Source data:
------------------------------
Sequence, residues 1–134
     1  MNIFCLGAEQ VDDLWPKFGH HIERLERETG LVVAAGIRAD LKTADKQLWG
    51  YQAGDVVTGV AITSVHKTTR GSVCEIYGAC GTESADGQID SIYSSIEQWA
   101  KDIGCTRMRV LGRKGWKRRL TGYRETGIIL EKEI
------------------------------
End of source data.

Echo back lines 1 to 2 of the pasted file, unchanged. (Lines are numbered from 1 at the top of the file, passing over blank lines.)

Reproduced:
Sequence, residues 1–134
     1  MNIFCLGAEQ VDDLWPKFGH HIERLERETG LVVAAGIRAD LKTADKQLWG